Disadvantages of using DIBELS
  • Encourages test preparation in the form of skills training.
  • Will not contribute to helping children learn to read
  • Children learn to read quickly and not for quality
  • Test can be downloaded by anyone
  • No research shown to be Valid
  • No research shown to be Reliable
  • Quick and easy (only bits and pieces of tasks)
  • No consistency in how the tests are scored
  • While administering the 1 minute tests the test giver must also watch a stop watch.
  • 3 must be done a year
  • Takes up instructional time
dibels research
  • Very little research that shows that DIBELS is an effective way of teaching pre-reading skills
  • There are many critics that are against Dibbling!
  • “If you want a test of whether kids can read fast with low comprehension, then DIBELS is great,” said G. Michael Pressleym a professor of education at Michigan State University and former editor of the Journal of Educational Psychology. “It is not as well developed as the claims that are being made.”
  • Natalie Rathvon, a Bethesda, Md-based consultant and the author of Early Reading Assessment: A Practitioner’s Handbook states that “the test are brief, replicable and relatively easy to administer.”
dibels modifications individualization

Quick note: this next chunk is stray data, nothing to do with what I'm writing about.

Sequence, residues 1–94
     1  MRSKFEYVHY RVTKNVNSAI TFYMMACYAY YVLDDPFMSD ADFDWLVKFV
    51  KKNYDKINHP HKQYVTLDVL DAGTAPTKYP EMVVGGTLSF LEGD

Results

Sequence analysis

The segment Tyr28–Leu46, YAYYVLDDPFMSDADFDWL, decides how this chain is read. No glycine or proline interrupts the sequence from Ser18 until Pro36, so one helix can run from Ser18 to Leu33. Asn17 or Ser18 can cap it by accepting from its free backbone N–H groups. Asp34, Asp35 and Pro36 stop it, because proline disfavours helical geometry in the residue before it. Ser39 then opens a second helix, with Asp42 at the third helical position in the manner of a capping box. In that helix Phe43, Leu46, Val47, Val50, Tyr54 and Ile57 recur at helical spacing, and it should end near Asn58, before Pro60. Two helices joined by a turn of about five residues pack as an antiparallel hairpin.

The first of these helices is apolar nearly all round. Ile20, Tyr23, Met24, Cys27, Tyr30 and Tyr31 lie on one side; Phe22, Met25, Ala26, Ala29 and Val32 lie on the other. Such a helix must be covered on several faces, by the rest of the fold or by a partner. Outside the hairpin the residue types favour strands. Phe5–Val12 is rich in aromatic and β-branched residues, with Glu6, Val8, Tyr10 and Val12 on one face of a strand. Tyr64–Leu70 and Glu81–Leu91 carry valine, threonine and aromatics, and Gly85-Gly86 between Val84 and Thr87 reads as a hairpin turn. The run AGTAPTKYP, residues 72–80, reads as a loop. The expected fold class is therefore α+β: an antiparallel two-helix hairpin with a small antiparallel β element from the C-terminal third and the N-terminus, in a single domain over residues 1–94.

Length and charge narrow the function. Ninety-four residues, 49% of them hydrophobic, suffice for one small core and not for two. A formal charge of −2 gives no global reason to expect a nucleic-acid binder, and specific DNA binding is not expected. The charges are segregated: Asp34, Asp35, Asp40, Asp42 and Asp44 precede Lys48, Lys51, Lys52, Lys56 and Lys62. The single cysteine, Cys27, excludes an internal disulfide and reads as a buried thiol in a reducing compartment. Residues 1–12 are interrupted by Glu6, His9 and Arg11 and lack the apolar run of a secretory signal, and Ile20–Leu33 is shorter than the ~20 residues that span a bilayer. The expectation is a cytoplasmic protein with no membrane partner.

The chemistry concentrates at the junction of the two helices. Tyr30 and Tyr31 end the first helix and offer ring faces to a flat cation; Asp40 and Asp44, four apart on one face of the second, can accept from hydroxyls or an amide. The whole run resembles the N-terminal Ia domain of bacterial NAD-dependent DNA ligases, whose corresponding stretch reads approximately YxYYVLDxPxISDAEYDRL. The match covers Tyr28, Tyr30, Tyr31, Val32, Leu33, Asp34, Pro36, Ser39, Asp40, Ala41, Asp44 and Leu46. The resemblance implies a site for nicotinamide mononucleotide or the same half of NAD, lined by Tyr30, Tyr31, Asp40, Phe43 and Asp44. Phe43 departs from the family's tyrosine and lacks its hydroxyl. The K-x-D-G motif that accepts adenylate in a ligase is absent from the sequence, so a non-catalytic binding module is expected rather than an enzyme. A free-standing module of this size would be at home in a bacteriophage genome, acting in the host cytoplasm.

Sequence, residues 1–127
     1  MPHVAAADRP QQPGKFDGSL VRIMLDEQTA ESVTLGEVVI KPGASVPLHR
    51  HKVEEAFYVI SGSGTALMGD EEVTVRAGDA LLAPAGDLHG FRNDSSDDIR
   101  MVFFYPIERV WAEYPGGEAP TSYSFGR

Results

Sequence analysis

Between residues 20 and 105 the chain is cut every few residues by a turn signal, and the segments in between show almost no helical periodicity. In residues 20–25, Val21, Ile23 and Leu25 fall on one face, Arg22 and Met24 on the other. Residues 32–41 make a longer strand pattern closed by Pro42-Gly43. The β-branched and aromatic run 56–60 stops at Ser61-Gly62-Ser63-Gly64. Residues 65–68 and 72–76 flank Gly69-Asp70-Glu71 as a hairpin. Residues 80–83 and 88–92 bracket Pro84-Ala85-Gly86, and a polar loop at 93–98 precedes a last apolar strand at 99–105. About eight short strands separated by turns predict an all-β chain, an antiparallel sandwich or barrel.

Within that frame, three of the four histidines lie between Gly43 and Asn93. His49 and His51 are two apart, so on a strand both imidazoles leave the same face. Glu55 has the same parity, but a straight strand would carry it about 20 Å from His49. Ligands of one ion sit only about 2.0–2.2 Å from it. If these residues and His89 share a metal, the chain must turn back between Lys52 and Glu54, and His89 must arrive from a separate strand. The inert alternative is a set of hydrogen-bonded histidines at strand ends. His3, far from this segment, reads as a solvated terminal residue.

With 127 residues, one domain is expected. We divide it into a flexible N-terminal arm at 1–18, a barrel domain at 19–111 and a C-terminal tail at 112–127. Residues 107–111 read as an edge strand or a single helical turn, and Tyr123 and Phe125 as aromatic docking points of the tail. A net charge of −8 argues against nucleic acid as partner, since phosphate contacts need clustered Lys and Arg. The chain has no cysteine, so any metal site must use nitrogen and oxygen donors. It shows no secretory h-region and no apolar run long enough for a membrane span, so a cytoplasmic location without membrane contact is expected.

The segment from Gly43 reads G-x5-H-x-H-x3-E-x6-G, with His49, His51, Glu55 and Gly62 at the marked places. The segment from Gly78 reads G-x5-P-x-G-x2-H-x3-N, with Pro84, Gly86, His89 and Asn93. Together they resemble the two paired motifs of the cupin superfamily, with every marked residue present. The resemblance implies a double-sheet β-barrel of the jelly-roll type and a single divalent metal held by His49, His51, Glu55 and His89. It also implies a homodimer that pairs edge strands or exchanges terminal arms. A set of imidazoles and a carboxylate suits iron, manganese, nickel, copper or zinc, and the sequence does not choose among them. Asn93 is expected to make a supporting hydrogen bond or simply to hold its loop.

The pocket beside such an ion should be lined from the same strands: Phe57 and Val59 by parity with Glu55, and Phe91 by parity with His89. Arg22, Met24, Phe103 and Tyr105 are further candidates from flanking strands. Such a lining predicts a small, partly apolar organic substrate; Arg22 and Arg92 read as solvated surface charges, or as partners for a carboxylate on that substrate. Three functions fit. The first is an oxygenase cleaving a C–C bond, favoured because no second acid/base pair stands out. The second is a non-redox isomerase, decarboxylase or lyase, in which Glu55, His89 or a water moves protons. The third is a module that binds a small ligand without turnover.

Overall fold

• DIBELS assessment is individualized based on the fact that if a child is showing low scores the teacher can monitor their progress daily, weekly or monthly vs. the 3 times a year
  • Children who fall under the special education umbrella and have an IEP that does not follow curriculum based goals and objectives would not be eligible to be dibbled.
  • There are benchmarks that need to be met at each grade level in order to move on. These benchmarks are not based upon an individual child but children at a particular grade level.
  • There are no modifications that can be made that would not alter the outcome of the assessment.
the qualitative reading inventory 3
The Qualitative Reading Inventory-3
  • Created by Lauren Leslie and JoAnne Caldwell
  • Is an informal reading inventory
  • Assesses children from pre-k to high school
  • Is a norm-referenced assessment
  • Cognitive elements evaluated by this assessment are: Reading Comprehension, Background Knowledge, and Decoding
  • They suggest that the QRI can be used to estimate reading levels, suggest directions for instructional intervention, compile a profile of a students reading ability or monitor growth over time.
  • Whoever administers the assessment should be a decision maker – classroom teacher or reading specialist.
  • They should ask themselves “what do I want to know about this student?” then use components of QRI accordingly.
scores are broken up into 3 levels
Scores are broken up into 3 levels
  • Independent – The level a student can read & comprehend without assistance
  • Word id in isolation = 90%
  • Word id in context = 98%
  • Comprehension = 90%
  • Instructional - The level a student can be instructed profitably
  • Word id in isolation = 70-89%
  • Word id in context = 90-97% total accuracy
  • 95-97% total acceptability
  • Comprehension = 70-89%
  • Frustration – The level a student is completely unable to read with adequate
  • word identification or comprehension
  • Word id in isolation = less than 70%
  • Word id in context = less than 90% for total accuracy
  • Less than 95% for total acceptability
  • Comprehension= Less than 70%
administration of assessment